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Williams ws. Rankin

Posted by Howard Langdon 
Re: Williams ws. Rankin
March 21, 2006 01:24PM
Hi Harry

You are right. I don't have the numbers to do your engine. The power density bounces all over the place with exhaust pressure variation. The minum is around 3 HP/cuin with the exhaust pressure just below end of expansion pressure. At 20 PSIA exhaust pressure the power density goes to around 6 HP/cuin.

Re: Williams ws. Rankin
March 21, 2006 08:28PM
Andy. It was a joke. I got the Williams running at 11 am on the 21. It runs on 25psi air.
It runs well.
Re: Williams ws. Rankin
March 22, 2006 12:33PM
Hi Andy
the condencer is in the engine block where the bottom of the pistons equilize the preasure. This preasure is 20 psi "absolute" so compression of 27 X 20 is 540psi which reduces the clearance volume lower than the Williams Engine. The cyclone is uniflow. there is no line or throttle losses or cylinder losses and exaust and condencer heat is recycled. We donnot use a boiler as that is for cooking potatos. We call it a heat exchanger as that is what it is . I still call water the fuel for the engine and combustable fuel for the heat exchanger as this where its BTS's are given up and transfered to the engine via the water. Super critiacal is used with a high vortex recycleing flame front to achive the highest generator efficency. The recycled heat calc is 39% (not to be confused with eng eff.)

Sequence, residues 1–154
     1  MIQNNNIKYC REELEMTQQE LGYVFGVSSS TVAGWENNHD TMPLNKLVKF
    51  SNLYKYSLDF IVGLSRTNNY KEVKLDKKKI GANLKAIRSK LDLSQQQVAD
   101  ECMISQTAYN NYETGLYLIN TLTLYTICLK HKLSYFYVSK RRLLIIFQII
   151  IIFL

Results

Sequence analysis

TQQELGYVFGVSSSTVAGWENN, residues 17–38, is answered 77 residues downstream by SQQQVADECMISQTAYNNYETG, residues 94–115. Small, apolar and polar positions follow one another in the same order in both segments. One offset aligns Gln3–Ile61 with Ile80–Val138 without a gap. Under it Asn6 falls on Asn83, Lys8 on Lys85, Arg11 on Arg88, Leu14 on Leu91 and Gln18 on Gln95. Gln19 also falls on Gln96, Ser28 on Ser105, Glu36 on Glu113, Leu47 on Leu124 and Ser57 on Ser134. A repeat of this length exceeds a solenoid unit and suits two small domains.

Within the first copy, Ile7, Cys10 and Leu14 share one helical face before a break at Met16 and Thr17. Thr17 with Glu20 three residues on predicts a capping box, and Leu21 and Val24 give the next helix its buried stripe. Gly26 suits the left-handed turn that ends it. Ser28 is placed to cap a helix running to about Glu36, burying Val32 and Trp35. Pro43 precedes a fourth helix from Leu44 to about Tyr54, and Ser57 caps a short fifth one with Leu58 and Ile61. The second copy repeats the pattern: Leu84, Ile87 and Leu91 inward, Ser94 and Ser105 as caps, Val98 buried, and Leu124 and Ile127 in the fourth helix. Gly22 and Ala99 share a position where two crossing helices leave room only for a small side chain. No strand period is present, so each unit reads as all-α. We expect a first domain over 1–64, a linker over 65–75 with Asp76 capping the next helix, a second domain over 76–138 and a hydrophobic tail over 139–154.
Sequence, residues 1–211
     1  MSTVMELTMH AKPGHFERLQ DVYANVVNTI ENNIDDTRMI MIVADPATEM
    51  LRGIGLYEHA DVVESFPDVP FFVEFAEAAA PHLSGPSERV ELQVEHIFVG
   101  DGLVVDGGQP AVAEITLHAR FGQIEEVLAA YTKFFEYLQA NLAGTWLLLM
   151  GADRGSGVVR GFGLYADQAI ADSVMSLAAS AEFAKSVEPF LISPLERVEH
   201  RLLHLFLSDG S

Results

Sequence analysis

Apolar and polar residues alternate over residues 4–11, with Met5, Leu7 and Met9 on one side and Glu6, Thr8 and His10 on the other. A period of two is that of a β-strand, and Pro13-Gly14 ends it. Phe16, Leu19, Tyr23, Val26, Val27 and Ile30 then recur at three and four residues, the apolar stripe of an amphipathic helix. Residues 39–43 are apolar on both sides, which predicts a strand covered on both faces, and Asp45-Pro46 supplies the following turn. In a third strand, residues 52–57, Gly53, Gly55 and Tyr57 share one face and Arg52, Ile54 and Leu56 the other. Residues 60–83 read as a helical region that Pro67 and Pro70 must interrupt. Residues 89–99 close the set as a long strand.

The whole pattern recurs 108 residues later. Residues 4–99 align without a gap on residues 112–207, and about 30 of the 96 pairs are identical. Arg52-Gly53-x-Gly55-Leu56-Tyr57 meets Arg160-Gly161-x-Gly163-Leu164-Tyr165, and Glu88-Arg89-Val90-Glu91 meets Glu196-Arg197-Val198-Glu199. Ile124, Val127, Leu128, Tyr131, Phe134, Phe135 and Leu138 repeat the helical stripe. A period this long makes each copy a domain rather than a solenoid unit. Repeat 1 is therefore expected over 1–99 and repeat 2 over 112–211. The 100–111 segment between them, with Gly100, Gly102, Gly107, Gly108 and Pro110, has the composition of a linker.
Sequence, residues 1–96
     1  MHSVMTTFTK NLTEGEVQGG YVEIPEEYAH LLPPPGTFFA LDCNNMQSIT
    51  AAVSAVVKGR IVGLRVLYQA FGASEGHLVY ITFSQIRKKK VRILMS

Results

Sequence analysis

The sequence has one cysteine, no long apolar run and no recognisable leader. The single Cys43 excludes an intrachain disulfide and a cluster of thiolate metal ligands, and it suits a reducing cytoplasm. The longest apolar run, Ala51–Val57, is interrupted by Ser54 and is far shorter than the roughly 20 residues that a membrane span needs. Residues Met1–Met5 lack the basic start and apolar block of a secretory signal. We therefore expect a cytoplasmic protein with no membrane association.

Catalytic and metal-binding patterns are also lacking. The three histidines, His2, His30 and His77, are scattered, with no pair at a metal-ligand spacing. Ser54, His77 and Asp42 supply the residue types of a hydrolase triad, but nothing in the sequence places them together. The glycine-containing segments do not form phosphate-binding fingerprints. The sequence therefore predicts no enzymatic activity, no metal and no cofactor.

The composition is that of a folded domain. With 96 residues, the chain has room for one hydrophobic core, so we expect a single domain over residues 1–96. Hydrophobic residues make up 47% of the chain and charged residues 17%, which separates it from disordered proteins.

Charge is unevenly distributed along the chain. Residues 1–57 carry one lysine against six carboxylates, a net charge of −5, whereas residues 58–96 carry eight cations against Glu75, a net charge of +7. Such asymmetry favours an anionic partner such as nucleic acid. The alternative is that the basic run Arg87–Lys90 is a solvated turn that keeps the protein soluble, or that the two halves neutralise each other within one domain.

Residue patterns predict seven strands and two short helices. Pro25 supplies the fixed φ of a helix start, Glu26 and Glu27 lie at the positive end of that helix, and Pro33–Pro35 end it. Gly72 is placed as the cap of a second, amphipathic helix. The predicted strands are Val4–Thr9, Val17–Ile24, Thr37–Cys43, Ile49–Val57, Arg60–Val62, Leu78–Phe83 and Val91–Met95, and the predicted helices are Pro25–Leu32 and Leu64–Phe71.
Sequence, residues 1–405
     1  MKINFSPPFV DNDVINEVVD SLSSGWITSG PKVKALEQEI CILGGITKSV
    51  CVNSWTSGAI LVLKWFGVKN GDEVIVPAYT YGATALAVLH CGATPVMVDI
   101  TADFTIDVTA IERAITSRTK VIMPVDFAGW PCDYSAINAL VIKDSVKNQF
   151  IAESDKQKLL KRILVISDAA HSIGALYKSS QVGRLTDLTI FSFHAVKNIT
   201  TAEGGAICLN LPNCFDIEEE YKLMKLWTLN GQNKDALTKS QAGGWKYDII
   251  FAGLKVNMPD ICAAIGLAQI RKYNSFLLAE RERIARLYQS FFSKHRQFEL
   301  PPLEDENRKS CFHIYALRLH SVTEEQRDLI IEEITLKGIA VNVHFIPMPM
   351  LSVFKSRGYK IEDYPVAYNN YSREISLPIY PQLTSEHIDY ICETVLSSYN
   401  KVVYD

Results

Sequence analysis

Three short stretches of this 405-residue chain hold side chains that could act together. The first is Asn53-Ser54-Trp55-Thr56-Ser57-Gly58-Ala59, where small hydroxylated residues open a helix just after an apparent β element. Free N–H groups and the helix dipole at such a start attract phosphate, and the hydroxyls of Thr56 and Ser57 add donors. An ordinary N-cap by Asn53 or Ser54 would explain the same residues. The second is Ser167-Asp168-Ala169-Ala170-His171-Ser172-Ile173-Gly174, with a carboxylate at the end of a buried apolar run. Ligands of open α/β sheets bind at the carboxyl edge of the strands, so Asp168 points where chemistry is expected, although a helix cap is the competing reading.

This is my point of fiew as an inventer, as you have to look at things differently some times to achieve a goal. There are a lot of ways to skin a cat.
good luck Peter and Bill as you seem to have some good ideas donnot let them get you down. Basic steam developement in our field seems to have stagnated.
Re: Williams ws. Rankin
March 22, 2006 05:13PM

Well thanks to something I had started investigating for no particular reason and Andys qwestion I just came up with a modification at the boilers superheater which should add about 5% more efficiency to the cycle. It does involve reheat and two moving parts, so there is no magic but doesn't effect the main engine it'self. Well I guess it does increase the total Hp by 28%.